In deciding whether summary judgment is appropriate, we must accept the nonmoving party's evidence as true and draw all reasonable inferences in that party's favor. Anderson, 477 U.S. at 244, 106 S.Ct. at 2513. We do not “judge the credibility of the witnesses, evaluate the weight of the evidence, or determine the truth of the matter. The only question is whether there is a genuine issue of fact.” Gonzalez v. City of Elgin, 578 F.3d 526, 529 (7th Cir. 2009) (citing Anderson, 477 U.S. at 249-50, 106 S.Ct. at 2511). “Where the record taken as a whole could not lead a rational trier of fact to find for the non-moving party, there is no genuine issue for trial.” Sarver v. Experian Info. Sols., 390 F.3d 969, 970 (7th Cir. 2004) (citation omitted).


         Plaintiff alleges discrimination under the ADA, ADEA, Title VII and the Rehabilitation Act. To proceed under all four federal statutes, a plaintiff must first file a charge of discrimination with the Equal Employment Opportunity Commission (“EEOC”) within 300 days of the offending conduct. Accordingly, we first consider whether Plaintiff's claims are properly before us before continuing on to analyze the merits of any remaining federal claims.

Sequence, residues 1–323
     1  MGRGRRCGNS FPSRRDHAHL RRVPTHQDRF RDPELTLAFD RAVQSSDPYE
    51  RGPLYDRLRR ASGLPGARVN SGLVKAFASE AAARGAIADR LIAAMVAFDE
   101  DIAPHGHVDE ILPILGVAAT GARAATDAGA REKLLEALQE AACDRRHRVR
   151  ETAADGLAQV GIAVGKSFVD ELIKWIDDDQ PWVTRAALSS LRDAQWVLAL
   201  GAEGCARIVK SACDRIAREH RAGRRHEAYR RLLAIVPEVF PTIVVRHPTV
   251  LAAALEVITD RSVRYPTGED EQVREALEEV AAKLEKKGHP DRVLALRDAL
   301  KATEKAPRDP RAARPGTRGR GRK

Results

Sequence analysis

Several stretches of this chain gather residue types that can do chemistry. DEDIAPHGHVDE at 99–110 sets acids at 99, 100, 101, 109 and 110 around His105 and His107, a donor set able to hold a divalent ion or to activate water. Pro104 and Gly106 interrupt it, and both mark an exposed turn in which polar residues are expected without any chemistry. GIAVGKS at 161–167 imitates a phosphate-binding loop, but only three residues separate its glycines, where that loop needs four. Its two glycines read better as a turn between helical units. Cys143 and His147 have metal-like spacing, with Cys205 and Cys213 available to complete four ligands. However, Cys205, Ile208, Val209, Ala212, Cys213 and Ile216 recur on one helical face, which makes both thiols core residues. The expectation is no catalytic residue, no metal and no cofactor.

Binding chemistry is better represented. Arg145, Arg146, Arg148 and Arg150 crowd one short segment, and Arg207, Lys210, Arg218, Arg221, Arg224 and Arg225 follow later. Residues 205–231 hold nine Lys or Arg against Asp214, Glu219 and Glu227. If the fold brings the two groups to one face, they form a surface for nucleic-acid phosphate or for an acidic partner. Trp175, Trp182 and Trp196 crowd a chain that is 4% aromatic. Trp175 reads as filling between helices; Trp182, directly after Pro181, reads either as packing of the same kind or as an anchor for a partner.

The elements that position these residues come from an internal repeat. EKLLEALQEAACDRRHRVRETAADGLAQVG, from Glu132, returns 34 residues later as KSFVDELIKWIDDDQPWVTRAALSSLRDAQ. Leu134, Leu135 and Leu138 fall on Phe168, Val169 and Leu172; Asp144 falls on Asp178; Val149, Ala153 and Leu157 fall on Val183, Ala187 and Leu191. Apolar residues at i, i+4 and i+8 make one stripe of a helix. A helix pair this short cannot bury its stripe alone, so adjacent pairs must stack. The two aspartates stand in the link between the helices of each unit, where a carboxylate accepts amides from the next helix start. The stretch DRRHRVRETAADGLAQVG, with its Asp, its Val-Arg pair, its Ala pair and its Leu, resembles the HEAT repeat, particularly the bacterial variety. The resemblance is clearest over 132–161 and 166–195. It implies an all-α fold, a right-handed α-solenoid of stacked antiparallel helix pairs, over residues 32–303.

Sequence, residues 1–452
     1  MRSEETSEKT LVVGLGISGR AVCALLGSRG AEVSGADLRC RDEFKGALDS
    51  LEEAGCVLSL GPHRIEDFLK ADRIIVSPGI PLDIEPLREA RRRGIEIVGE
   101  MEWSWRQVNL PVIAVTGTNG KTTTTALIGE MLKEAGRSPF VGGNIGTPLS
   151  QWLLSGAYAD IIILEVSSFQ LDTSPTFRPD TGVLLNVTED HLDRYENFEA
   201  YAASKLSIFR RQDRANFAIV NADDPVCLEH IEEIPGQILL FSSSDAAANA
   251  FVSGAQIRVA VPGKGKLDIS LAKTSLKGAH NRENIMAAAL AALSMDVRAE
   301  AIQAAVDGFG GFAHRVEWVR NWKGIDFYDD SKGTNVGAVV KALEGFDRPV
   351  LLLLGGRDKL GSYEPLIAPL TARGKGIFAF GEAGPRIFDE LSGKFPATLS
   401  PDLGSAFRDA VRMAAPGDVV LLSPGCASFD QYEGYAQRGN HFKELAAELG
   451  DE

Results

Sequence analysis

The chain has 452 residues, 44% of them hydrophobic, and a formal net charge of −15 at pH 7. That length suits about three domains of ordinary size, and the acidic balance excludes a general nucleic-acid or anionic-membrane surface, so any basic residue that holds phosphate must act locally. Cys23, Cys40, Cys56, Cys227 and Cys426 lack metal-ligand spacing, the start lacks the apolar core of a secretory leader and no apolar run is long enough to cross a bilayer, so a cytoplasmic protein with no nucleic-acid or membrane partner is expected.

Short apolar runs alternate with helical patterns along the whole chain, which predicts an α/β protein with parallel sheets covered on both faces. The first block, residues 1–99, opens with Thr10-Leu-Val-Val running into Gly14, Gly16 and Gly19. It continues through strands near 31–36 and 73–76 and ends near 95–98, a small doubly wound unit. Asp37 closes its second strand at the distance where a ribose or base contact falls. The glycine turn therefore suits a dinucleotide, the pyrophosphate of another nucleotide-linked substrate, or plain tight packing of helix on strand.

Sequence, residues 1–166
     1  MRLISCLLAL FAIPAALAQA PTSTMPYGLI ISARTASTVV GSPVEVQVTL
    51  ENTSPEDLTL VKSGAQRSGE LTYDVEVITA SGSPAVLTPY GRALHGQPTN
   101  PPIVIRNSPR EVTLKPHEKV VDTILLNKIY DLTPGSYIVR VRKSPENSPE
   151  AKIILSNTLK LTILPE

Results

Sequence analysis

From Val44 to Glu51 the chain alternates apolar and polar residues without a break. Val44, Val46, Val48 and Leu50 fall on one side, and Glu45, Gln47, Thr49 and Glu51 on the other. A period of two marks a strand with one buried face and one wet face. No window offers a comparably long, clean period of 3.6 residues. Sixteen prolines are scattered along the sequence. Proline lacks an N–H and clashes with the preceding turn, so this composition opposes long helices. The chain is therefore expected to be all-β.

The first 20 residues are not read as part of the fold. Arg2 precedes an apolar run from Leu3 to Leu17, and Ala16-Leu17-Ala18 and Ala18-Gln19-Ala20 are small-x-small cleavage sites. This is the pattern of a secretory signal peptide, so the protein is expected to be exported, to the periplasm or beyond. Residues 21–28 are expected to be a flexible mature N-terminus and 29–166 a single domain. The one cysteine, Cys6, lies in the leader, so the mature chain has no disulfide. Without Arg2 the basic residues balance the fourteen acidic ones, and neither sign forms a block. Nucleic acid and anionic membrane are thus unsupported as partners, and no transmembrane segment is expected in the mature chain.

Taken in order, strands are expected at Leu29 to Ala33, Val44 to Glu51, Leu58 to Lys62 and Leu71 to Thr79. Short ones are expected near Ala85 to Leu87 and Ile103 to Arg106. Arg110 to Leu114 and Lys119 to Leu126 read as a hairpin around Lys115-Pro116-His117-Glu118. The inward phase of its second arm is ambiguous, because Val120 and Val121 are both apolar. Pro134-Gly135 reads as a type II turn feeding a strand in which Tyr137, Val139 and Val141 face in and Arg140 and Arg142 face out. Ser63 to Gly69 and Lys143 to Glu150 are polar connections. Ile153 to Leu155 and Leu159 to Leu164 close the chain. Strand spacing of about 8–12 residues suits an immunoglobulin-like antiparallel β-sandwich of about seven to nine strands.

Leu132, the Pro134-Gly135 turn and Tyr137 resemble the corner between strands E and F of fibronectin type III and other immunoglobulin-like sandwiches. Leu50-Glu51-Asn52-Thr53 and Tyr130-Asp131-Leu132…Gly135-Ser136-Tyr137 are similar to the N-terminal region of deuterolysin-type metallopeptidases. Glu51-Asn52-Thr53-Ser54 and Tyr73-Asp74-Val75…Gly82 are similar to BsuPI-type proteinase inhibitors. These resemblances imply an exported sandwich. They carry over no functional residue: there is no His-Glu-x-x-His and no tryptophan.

I. Exhaustion of Administrative Remedies

         In Illinois, an individual complaining of discriminatory conduct under the ADA, ADEA, Title VII or the Rehabilitation Act, must file a complaint with the EEOC within 300 days of the alleged unlawful conduct. See 42 U.S.C. § 2000e-5(e); see also Hentosh v. Herman M. Finch Univ. of Health Servs., 167 F.3d 1170, 1173 (7th Cir. 1999); see also Snider v. Belvidere Township, 216 F.3d 616, 618 (7th Cir. 2000) (affirming district court's finding that plaintiff's Title VII claim was time-barred when the complaint was not filed with the EEOC within 300 days); Flannery v. Recording Indus. Ass'n of Am., 354 F.3d 632, 637 (7th Cir. 2004) (applying the same 300 day time period to claims brought under the ADEA and ADA); Teal v. Potter, 559 F.3d 687, 691 (7th Cir. 2009) (holding that claims brought under the Rehabilitation Act are subject to the exhaustion requirements outlined in Title VII). Failure to do so renders the complaint untimely and the claimant is precluded from bringing an action in court “unless the claim is reasonably related to one of the EEOC charges and can be expected to develop from an investigation into the charges actually raised.” Green v. Nat. Steel Corp., Midwest Div., 197 F.3d 894, 897 (7th Cir. 1999).